Quality of Ambulatory Care for the Elderly: Formulating Evaluation Criteria

By Ferris, Ann K.; Wyszewianski, Leon | Health Care Financing Review, Fall 1990 | Go to article overview

Quality of Ambulatory Care for the Elderly: Formulating Evaluation Criteria


Ferris, Ann K., Wyszewianski, Leon, Health Care Financing Review


Quality of ambulatory care for the elderly: Formulating evaluation criteria

Introduction

The concerns that arose in the early 1980s about the quality of care received by Medicare beneficiaries initially focused on inpatient care (Eggers, 1987) but quickly extended to other types of care, including, in particular, care provided in ambulatory settings. In 1987, peer review organizations (PROs) began to assess, on behalf of the Medicare program, the ambulatory care provided to Medicare patients in health maintenance organizations. In 1989, ambulatory surgical centers became subject to PRO scrutiny, and there are plans to move into other ambulatory care settings as well.

Although there is little information about the basis for all these current and future evaluations of ambulatory care, it is reasonable to expect these assessments to be based mostly on criteria and standards of care in use for the general adult population. So far, however, there is no indication that these general criteria have been adjusted to take into account the characteristics of the elderly, who comprise the vast majority of Medicare beneficiaries.

The purpose of this article is to show why and how assessments of ambulatory care services provided to Medicare beneficiaries should be based on criteria and standards of quality that explicitly reflect the specific needs and salient characteristics of the population 65 years of age or over. To make our task manageable, we have restricted our discussion to what is known as the "technical" aspect of care, which involves the application of medical knowledge to diagnosis and treatment (Donabedian, 1980). The evaluation of the interpersonal aspects and the amenities of care--the nontechnical components--is therefore not included in this discussion.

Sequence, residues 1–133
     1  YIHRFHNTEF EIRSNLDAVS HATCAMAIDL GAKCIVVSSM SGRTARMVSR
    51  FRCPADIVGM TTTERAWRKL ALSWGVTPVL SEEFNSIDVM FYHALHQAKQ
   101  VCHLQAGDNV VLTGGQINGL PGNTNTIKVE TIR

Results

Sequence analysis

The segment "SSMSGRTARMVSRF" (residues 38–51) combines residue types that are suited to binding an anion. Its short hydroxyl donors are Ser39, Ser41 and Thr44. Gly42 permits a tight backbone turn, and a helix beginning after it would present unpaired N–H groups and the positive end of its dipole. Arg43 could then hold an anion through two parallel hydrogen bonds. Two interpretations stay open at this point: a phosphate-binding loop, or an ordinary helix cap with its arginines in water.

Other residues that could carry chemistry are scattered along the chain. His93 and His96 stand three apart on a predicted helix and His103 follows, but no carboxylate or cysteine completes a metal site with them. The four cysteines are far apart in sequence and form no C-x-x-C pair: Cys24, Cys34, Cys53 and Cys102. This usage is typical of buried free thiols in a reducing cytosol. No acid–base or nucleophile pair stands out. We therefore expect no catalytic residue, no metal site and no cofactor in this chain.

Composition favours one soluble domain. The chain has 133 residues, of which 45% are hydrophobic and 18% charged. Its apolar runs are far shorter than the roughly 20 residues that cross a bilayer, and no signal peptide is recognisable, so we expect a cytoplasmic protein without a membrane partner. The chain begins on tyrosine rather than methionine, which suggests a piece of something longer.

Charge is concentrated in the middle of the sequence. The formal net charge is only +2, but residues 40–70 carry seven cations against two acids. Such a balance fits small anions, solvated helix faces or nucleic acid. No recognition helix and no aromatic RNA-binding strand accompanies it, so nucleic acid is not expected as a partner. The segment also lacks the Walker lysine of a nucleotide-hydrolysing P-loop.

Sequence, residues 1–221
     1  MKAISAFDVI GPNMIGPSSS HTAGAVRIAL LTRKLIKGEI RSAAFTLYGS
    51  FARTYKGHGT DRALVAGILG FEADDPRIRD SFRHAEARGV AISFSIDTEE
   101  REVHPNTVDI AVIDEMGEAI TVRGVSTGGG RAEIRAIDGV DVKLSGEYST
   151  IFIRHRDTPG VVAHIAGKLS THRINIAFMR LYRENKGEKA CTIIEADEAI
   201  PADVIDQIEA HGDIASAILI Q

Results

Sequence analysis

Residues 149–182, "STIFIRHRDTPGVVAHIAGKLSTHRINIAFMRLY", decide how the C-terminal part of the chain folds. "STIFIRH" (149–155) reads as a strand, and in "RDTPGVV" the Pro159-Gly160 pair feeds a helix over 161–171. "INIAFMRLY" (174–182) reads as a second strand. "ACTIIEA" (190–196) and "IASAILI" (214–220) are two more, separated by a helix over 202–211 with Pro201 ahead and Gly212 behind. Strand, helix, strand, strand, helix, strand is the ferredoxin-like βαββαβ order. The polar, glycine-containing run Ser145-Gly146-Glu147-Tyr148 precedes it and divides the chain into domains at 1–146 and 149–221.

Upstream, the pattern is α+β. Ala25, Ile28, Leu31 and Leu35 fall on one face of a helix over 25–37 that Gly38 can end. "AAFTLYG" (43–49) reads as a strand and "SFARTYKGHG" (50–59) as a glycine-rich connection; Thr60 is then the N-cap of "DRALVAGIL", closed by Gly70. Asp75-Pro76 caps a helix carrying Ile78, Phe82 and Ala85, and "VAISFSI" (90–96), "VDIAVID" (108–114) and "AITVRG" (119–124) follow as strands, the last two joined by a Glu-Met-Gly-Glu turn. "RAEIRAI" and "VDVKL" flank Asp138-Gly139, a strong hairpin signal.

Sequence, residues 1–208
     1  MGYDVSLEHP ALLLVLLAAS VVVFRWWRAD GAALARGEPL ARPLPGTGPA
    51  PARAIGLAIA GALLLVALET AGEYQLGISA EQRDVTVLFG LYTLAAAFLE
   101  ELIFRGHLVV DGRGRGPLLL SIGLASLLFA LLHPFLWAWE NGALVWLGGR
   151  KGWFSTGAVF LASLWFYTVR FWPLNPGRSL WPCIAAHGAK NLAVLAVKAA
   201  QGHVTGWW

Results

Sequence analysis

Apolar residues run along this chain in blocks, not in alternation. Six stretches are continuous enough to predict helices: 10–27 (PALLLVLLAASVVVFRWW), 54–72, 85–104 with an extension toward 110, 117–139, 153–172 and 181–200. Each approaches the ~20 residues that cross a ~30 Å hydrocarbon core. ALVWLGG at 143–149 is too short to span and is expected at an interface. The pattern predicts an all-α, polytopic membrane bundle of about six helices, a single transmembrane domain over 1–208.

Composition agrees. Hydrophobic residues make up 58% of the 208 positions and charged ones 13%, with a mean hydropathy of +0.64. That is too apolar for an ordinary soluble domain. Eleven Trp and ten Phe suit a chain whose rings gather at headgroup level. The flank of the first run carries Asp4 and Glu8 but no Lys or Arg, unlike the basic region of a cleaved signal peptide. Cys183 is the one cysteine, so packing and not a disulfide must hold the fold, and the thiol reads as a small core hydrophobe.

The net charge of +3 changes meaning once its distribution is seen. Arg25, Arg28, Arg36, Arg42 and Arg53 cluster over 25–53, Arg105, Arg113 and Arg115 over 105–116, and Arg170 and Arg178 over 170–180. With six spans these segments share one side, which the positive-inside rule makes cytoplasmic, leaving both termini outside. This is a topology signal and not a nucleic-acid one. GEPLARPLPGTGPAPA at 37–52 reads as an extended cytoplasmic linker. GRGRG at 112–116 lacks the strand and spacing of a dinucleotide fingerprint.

In addition, although we are concerned with criteria and standards of care in an overall sense, we focus primarily on the basic, initial issue of defining what constitutes appropriate care for the elderly and place relatively less emphasis on the subsequent step of developing specific measures and indicators. As we see it, only after it has been specified what is good and appropriate care is there an issue of what measures or indicators should be used to assess care and what data are needed or available for this purpose.

Rationale

The need for evaluating ambulatory care provided to the elderly based on criteria and standards that take into account the special characteristics of this population is best illustrated by studies in which the relation between the age of patients and the quality of the care provided have been examined. The results of these studies are contradictory and ambiguous. An important reason for this is that most of the studies did not use criteria and standards that take into account important age-related differences (Wyszewianski and Donabedian, 1981).

For example, in a study by Lyons and Payne (1974), it was shown that patients 65 years of age or over received care for cerebrovascular accidents that had significantly lower scores on the study's measures of quality, even though the authors suggest that care for these patients may have been appropriate if factors often associated with advanced age had been taken into account. In particular, the authors note that cerebrovascular accidents "... are frequently terminal events in the elderly, and little, if any, manipulation or therapeutic intervention will alter the course of events. Physician effort in this context may be cautious or even withheld, especially in a patient with multiple additional diagnoses or disabilities for whom survival may mean only greater disability and societal disruption."

On the other hand, in the same study, Lyons and Payne suggest that the significantly higher scores for care provided to the elderly with bronchitis--as compared with care given to those under 65 years of age--are less a reflection of better physician performance than evidence of physician's response to the need for ".

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